When legislators want to avoid a fight on a controversial measure, they’ll often bury it the kind of bill where you would least expect to find it. That’s what happened in the U.S. House Wednesday morning.
We know that the women of D.C. deserve better than to have our decisions made for us by anti-choice politicians, and that D.C.’s local government deserves better than to constantly have local policies usurped by a meddling Congress.
Commerce secretary nominee Penny Pritzker has been a consistent supporter of reproductive rights organizations, but she’s also a director and part-owner of Hyatt hotels, which has recently been the target of many workers’ rights protests.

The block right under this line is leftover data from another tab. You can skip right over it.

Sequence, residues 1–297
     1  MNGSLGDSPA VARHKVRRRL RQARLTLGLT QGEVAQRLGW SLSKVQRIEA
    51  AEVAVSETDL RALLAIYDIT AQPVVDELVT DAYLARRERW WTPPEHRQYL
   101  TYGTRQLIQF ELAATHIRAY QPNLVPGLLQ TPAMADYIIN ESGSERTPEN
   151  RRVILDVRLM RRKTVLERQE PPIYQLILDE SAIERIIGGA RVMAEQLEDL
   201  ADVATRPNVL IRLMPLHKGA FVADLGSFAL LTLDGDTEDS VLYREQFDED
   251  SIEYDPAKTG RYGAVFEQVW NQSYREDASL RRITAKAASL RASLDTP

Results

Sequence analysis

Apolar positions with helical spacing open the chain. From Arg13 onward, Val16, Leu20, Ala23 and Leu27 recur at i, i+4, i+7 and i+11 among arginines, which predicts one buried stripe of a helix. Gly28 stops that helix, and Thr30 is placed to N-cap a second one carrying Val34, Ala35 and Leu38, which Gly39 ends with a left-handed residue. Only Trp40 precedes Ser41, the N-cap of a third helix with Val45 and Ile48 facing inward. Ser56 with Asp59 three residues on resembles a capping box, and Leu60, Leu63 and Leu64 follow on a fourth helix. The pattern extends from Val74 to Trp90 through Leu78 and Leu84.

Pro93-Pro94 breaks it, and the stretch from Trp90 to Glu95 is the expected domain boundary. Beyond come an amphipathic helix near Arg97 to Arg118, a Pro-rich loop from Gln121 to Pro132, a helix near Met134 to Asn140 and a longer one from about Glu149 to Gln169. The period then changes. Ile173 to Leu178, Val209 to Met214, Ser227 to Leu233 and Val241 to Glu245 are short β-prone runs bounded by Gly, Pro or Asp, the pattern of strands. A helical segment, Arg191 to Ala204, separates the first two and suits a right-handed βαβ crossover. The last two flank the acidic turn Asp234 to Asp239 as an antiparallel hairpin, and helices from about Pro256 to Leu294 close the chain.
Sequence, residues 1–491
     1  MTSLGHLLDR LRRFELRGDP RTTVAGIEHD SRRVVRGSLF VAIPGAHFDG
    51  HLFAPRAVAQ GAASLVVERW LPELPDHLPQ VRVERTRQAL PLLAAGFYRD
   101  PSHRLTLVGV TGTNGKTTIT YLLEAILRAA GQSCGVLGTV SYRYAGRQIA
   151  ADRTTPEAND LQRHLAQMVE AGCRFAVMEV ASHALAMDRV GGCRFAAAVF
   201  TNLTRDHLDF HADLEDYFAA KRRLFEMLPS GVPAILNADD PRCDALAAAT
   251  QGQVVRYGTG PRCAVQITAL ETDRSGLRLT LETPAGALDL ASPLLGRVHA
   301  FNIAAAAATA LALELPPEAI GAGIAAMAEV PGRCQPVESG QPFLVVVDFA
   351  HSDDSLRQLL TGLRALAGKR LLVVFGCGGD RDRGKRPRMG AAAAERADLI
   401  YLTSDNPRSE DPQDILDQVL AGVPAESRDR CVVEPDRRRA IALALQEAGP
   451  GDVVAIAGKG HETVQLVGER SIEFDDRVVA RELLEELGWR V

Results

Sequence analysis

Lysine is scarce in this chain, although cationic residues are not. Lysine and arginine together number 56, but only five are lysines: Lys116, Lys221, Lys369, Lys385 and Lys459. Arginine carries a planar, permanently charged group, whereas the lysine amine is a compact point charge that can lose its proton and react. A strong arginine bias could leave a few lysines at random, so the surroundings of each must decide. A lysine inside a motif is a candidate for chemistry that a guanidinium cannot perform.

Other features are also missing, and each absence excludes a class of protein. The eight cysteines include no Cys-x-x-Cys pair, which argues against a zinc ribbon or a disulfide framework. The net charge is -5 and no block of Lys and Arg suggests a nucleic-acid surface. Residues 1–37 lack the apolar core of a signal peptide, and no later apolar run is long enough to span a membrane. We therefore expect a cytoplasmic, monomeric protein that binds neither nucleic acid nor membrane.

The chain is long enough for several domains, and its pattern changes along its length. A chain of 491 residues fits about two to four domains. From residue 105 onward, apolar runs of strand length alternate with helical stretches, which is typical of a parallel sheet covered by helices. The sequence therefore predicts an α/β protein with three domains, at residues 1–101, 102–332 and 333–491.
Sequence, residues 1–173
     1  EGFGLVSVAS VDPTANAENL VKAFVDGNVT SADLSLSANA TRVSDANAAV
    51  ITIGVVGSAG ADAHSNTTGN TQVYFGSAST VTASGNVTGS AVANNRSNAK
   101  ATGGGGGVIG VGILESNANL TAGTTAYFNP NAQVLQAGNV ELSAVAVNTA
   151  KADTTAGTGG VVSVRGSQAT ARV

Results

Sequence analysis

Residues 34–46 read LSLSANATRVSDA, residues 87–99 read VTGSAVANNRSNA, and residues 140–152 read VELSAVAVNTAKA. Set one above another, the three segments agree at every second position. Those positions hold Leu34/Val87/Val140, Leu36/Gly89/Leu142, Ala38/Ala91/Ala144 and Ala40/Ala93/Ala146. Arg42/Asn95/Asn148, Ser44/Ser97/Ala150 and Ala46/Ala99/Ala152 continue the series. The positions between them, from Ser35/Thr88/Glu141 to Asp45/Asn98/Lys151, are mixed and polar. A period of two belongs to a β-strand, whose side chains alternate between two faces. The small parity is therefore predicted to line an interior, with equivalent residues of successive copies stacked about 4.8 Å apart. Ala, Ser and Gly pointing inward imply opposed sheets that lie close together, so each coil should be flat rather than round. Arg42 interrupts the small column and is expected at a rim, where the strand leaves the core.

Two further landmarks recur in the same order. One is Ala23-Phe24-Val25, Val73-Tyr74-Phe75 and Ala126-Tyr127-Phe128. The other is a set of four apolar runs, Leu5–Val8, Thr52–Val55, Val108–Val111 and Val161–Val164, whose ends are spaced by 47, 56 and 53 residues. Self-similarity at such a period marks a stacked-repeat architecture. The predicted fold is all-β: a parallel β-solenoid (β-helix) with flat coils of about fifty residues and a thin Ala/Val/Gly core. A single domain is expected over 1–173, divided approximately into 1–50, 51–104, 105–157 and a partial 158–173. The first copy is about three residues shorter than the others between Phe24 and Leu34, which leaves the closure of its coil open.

Lost in a netherworld where it is less than a state and something other than a city, the District of Columbia is being used by right-wingers in Congress as a battleground on reproductive justice and much more.
Arizona’s 20-week abortion ban falls, but that won’t stop anti-choice legislators in D.C. from pushing ahead with their own version.
The vote could affect a longstanding match of abortion funding Ping-Pong between local residents and the federal government.
D.C. Delegate Eleanor Holmes Norton is taking a preemptive strike against a potential abortion ban.
While the Supreme Court took up marriage equality, the NRA and anti-abortion groups joined forces to block an important judicial appointment.
“I thought the sick day ordinance could become an excuse for my servers or other employees to call in sick at the last minute and leave shifts unstaffed,” said a San Francisco restaurant owner. “Turns out, that hasn’t been a problem at all.”
By all accounts, the women’s rights advocates who fought to reauthorize VAWA never made EC a priority.